Most businesses today have a website, and the internet is one of the primary routes to market for commercial and not-for-profit organisations, regardless of which sector they work in. Whether it’s a basic brochure site or a full e-commerce platform, a website is a must for promoting your brand and product offer, providing value to customers and giving them different means of contacting you for more.
So what do you need to consider when you build your website?
Forget the intricacies of SEO; what you really need is timely, updated and relevant content about your business and your offer. Look to regularly review content and keep it fresh. News stories, case studies and social media links are a great way of doing this and will help to engage your audience. Fact-check content and always make sure there is a call to action and a follow-up contact point.
A Simple Layout
Most websites need to be simple and optimised for easy customer journeys. Customer-journey mapping and site architecture can be complex elements of planning before a website build and its usability, but crowdsourced software testing company like Cheltenham based https://www.bugfinders.com/testing can review the site for bugs and glitches to improve your customers user experience for optimal conversion rate success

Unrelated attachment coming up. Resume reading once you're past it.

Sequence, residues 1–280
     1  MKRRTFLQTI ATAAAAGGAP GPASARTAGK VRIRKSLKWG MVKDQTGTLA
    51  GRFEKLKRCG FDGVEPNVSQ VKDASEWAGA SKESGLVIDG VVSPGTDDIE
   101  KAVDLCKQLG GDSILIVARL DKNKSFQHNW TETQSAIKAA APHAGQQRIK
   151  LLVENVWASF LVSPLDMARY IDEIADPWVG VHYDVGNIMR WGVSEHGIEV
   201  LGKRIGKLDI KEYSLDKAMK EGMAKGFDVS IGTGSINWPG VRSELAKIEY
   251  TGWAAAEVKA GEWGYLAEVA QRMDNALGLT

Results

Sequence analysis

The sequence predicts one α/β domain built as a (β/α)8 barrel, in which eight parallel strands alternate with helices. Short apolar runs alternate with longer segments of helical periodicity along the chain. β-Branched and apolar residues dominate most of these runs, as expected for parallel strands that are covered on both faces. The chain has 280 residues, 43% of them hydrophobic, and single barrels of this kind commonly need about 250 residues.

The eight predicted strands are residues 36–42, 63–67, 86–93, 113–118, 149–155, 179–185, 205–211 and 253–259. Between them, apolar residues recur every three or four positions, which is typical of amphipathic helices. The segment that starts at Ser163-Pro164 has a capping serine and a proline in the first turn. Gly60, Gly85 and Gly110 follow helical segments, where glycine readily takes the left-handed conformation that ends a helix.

Consider what the objective of your website is before you spend time building one. Are you looking to sell online or simply inform? Do you want customers to interact with you online or to call you or book an appointment? Will you offer functionality such as account management and self-service or is this simply to be a source of basic information with a strong call to action to get in touch or carry out a next step? There is no right or wrong answer to these questions, and your decisions will very much depend on your broader business and marketing strategy.
Who Will Manage the Site?
Be very clear on ongoing arrangements for site updating and management. Without the resources to keep the site fresh, it will rapidly become outdated and be more of a liability than a business asset. If you don’t have this resource, ask yourself whether an agency could help you with retained services. This a common solution for many businesses that lack in-house capacity for technical web management.
Know Your Budget
A website build can easily accommodate any budget, so it helps to know what yours is before you start work. Simple template-driven sites on systems such as WordPress are not expensive, but custom builds with bespoke content management systems and integrated functionality and systems can be very expensive. Think about the financial implications and be clear about whether you want your website to take the place of any existing administrative functions, as costs can potentially be released and directed towards digital investment.
These are just some thoughts to get you started, but remember that a website is simply a marketing channel and route to market like any other. It needs to be invested in, updated and thought about. Businesses that succeed with their websites know exactly what role their digital assets play and spend time and energy developing them to provide a valuable route to market.